Commercial Pilot: 18 Years Old (Retire from airlines at 65 but other work still possible)

This depends on alot of different things such as what type of flying you are doing, whether you are co-pilot or captain, whether you work for domestic or long haul carriers etc.

But on average first officers get around £50,000 before tax and Captains can earn over £100,000.

Remember this is an approximate figure and there are many who earn under this and many over this !!!

The exams can be challenging, but it is important to get a good understanding in your knowledge, its not just about passing exams.

All exams have a passmark of 75% and majority use multiple choice questions selected from a central question bank operated by the Civil aviation Authority.

The syllabus is well structured and as long as you ask lots of questions you will find no shortage of help from SkyLearner to get you through the exams and understand the bits you really need to know.

SkyLearner is an Approved Training Organisation in the UK offering the theoretical knowledge (Ground school) to pass the exams.

At SkyLearner we also offer courses to help you remain proficient and improving your flying skills.

We are constantly adding new courses but our library is found below.

No !

You can continue to work and do your flight training in small chunks. This is the modular route.

Unfortunately, this is the unfair part. You will need to finance your flying training privately or if you are lucky through one of the rare funding schemes offered by airlines and organisations such as GAPAN.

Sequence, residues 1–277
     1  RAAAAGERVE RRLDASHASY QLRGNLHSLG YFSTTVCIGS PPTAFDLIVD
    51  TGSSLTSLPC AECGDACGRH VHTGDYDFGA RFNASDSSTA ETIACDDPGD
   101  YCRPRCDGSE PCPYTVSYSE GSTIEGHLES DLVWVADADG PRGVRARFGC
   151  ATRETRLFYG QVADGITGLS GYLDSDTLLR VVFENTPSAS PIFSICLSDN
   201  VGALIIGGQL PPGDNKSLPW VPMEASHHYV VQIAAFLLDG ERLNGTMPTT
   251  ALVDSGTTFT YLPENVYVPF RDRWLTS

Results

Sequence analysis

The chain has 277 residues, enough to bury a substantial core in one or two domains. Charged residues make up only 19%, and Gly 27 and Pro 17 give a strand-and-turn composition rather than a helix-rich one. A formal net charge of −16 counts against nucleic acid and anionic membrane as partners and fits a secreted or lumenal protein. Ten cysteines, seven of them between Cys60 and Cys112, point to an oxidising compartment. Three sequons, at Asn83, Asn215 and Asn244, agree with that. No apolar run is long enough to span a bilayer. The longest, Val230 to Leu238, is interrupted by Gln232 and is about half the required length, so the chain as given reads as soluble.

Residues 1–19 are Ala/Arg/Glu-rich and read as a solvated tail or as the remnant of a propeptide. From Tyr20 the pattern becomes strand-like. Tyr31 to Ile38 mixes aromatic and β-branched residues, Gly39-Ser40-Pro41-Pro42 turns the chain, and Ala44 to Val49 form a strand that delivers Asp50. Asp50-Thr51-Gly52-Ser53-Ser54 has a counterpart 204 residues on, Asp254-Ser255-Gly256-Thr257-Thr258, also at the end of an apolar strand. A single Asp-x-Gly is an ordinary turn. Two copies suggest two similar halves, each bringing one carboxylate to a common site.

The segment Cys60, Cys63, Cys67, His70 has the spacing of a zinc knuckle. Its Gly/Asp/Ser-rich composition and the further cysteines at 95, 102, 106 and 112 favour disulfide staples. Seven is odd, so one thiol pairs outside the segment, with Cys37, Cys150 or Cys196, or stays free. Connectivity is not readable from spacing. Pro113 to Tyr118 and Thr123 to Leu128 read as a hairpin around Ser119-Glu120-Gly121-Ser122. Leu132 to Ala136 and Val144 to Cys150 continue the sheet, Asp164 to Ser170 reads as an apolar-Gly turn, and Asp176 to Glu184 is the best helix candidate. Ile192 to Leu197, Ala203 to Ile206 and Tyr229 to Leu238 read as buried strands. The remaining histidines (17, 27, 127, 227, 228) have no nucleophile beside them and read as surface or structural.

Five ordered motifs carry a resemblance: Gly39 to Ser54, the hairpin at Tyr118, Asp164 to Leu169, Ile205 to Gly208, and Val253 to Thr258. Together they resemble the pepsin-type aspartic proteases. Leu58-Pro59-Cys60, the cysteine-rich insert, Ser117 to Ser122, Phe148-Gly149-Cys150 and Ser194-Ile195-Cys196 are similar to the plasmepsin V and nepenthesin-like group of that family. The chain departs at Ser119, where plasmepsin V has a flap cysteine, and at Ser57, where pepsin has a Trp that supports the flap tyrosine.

This is the reason many people opt to go for the modular route and do training alongside regular work.

We do not encourage people to get into debt, by taking on large loans.

Most people however end up either:

  • Taking a Loan against property
  • Borrowing from a family member
  • Pay out of pocket

This depends on your flight school or club. Not all organisations will be approved to do the training you need, and you may need to combine a few different ones.

What is important is that you only train with Approved Training Organisations (ATOs) such as SkyLearner.

Organisations are categorised as ATOs or DTOs (Designated Training Organisations). DTOs are limited to general aviation type training (PPL) whereas ATOs can be approved on a case by case basis to conduct a large array of training.

The training must be approved by the country where you want to get your license.

As long as it is an Approved Training Organisation or Designated Training Organisation, you can do your training anywhere.

Your training school MUST be recognised by the UK CAA in order to get a UK issued license.

You must be able to obtain a medical certificate which is appropriate to the license you want.

Dont worry these are fairly sraight forward, and are conducted by Authorised Aviation Medical Examiners.

We suggest that you get your medical issued out in the early stages of your training.

You will be issued a medical certificate and must renew it based on your age range and class of medical.

Flying is fun, it can be challenging at times, but it offers huge rewards to those who love it.